4) Beautiful Boy – directed by Felix Van Groeningen

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Beautiful Boy is not a simple film (though some critics argue the opposite). I have neither
experienced drug addiction nor supported a family member through the painful ebbs and flows of addiction, so my understanding of addiction’s emotional journey is limited. But I can say that as I watched Beautiful Boy, there were several moments when an actor (Steve Carell, Timothée Chalamet, Maura Tierney, Amy Ryan) unveiled an emotion that was both surprising and recognizable. As I watched this film, I experienced certain emotional beats that I had not anticipated, and those moments seemed to hit harder and resonate longer than similar moments in other films. Moments in Beautiful Boy like when Carell’s David Sheff struggles to explain his continued dedication to his son. Like when Tierney’s Karen Barbour allows her anger to overtake her, only to immediately acknowledge the fruitlessness of the rage. And like when Chalamet’s Nic Sheff utters a single sentence that is both an expression of love and a indictment of life and family. Beautiful Boy is filled with these moments. That’s why it is a beautiful film.

3) Private Life – directed by Tamara Jenkins

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Private Life is about two forty-something New Yorkers who are trying desperately to have a baby. I do not relate to that scenario—not even a little. But this film is so honest, clever, and well-developed that situational distance doesn’t really matter. Rachel Biegler and Richard Grimes (played by Kathryn Hahn and Paul Giamatti) seem so raw and relatable that their motivations and feelings don’t seem distant. They seem tangible. They seem real. And that is worth experiencing.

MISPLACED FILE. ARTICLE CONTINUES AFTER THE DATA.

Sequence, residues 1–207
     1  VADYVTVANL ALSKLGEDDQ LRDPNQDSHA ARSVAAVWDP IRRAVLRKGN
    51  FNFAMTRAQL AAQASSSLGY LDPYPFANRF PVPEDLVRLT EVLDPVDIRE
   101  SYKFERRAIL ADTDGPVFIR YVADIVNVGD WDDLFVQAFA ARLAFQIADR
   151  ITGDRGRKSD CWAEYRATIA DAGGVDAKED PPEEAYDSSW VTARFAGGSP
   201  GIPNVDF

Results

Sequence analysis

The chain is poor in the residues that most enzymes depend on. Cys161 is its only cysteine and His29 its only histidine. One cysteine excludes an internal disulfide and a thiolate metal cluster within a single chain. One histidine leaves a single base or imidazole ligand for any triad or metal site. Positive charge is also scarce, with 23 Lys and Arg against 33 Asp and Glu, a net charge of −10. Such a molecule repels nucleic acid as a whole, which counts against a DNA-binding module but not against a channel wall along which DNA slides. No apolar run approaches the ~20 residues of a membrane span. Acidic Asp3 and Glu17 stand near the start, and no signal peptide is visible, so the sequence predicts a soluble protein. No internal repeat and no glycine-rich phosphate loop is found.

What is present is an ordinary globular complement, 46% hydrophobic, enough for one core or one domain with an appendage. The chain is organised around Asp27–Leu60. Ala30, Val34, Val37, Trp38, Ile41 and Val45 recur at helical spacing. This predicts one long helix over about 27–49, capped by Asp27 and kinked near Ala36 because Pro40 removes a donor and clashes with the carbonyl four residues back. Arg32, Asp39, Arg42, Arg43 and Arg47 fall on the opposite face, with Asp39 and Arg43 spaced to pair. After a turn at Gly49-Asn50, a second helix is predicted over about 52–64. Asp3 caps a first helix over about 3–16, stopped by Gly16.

2) Roma – directed by Alfonso Cuarón

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Roma artfully and thoroughly captures the spirit of human toughness. The protagonist, Cleo, is a paragon of quiet strength, and the story flows patiently from moment to moment, building speed and energy. By the end of the movie, I was so immersed in the story that I sat silently through the credits and considered the significance of what I’d just witnessed. Roma possesses an understated power, and it wields that power well.

1) Spider-Man: Into the Spider-Verse – directed by Bob Persichetti, Peter Ramsey, and Rodney Rothman

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I appreciate movies that take risks, and Into the Spider-Verse takes many risks. In today’s world of chiseled heroes and polished epics, the creators of Into the Spider-Verse decided to make an animated film that juggles Peter Porker, Nicolas Cage, SP//dr, Spider-Gwen, a new(ish) version of a beloved protagonist, and a gaggle of villains. And they wanted it to be heartfelt, relatable, and coherent.

The final product is a smart, self-aware, steadily paced superhero film that honors its characters with compelling backstories, believable motivations, and witty dialogue. The animation style is refreshingly kaleidoscopic, and the character design reflects the eclectic nature of the narrative (while still acknowledging the value of subtlety and sincerity). Into the Spider-Verse is an expertly developed version of the way I imagined superheroes as a kid, and it blew my mind. As someone who has been vocal about feeling a certain amount of Spider-Man fatigue, I am surprised to hear myself say that I would absolutely love to see more superhero movies like this.

Honorable Mentions
(in alphabetical order and without explanation)

Assassination Nation – directed by Sam Levinson

Avengers: Infinity War – directed by Joe Russo and Anthony Russo

Daphne & Velma – directed by Suzi Yoonessi

First Man – directed by Damien Chazelle

Incredibles 2 – directed by Brad Bird

Love, Simon – directed by Greg Berlanti

Pass Over – directed by Spike Lee and Danya Taymor

Support the Girls – directed by Andrew Bujalski


Ben Boruff is a co-founder of Big B and Mo’ Money, and he has reviewed comics for ComicBastards.com and ImpulseGamer.com. Follow him on Twitter: @BenMagicAwesome. And read more at BenBoruff.com.